Formation / dissociation behavior of clathrate hydrate in bentonite or kaolin suspension with or without sodium chloride was experimentally investigated for safe gas production from the natural gas hydrate reservoir. Raman spectroscopic analysis is conducted to investigate the property of formed hydrate from bentonite or kaolin suspension. Vapor pressures of water of these suspensions, which are related to hydrate equilibrium conditions, are also determined. The crystal structures of clathrate hydrates formed from clay suspensions can be determined as sI. However, the small cavity occupancies of hydrate formed from calcium bentonite and kaolin are 0.792 and 0.794 respectively, which are approximately 10 % smaller than that of pure MH or hydrate formed from sodium bentonite. Obtained vapor pressure suggests that equilibrium T-P condition in clay suspension without NaCl does not shift within the concentration region of 1 to 10 wt%. However, for NaCl 20 wt% - sodium bentonite 10 wt% suspension and NaCl 20 wt% - calcium bentonite 10 wt% suspension, the vapor pressures are rather smaller than that of NaCl 20 wt% solution. It suggests the equilibrium pressures in these suspensions become high compared to that in NaCl 20 wt% solution.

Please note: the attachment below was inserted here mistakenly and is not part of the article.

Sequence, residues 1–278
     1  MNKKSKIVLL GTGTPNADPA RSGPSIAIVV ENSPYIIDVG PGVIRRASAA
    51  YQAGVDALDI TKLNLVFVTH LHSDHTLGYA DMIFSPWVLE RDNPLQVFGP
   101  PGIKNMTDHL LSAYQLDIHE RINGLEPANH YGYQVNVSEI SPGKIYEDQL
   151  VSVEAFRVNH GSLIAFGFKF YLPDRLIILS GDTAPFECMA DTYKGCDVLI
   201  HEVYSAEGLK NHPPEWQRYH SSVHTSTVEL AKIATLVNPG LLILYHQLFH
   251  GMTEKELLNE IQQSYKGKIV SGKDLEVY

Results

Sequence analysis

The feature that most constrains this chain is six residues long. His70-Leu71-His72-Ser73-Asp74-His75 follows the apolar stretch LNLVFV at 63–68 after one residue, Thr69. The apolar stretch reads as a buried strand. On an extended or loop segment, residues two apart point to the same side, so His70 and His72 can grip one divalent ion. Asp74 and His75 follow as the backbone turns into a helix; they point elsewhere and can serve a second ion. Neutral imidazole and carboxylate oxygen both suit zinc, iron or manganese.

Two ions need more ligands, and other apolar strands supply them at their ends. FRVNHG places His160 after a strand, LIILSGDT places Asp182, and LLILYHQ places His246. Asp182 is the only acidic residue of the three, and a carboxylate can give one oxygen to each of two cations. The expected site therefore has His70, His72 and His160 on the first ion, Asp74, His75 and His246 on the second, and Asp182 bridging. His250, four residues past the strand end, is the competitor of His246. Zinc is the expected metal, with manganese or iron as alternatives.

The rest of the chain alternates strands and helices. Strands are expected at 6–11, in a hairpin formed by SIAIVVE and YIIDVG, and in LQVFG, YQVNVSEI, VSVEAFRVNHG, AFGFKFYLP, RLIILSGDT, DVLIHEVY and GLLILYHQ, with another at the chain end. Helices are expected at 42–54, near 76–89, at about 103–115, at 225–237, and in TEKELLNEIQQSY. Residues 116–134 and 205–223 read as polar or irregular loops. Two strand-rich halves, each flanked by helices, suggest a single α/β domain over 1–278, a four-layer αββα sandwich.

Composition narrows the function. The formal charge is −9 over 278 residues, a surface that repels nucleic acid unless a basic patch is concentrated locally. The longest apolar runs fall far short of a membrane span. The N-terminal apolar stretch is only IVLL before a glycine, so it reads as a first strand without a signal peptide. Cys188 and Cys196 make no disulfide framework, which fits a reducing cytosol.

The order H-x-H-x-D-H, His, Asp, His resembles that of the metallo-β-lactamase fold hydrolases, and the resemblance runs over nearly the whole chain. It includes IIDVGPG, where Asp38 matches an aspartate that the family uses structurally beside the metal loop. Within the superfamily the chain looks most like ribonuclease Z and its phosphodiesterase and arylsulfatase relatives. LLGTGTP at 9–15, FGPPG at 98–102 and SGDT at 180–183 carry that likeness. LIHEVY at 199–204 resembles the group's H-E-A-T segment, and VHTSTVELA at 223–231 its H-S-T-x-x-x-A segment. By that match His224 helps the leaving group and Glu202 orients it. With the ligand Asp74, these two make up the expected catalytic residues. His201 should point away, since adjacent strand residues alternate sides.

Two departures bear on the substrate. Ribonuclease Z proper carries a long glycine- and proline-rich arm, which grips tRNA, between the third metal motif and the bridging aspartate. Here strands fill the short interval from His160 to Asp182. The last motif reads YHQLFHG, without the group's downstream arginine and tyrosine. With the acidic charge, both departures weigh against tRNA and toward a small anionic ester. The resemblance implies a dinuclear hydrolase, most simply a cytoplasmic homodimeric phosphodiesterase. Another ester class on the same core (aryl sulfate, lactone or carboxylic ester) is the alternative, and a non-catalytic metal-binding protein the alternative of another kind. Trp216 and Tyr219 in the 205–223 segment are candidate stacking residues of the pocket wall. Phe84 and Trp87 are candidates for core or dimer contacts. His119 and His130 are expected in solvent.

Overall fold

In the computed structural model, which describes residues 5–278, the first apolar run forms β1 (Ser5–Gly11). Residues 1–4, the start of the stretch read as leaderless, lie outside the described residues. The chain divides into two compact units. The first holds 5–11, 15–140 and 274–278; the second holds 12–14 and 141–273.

Natural gas hydrates are crystalline compounds that can contain a large amount of natural gas (Sloan and Koh, 2008). Owing to recent seismic exploration and geological research, it is widely known that natural gas hydrate that exists in the sediment constitutes a large natural gas resource and is expected to be an energy source in the future (Makogon, 1981; Brooks et al., 1986; Kvenvolden, 1988; Kvenvolden et al., 1993; Okuda, 1993; Gornitz and Fung, 1994; Sassen, 2001; Fujii, 2008). Natural gas hydrate will be dissociated mainly by the depressurization in the geological formation for commercial gas recovery. Fig. 1 shows an example of gas production scheme.

This content is only available via PDF.
You can access this article if you purchase or spend a download.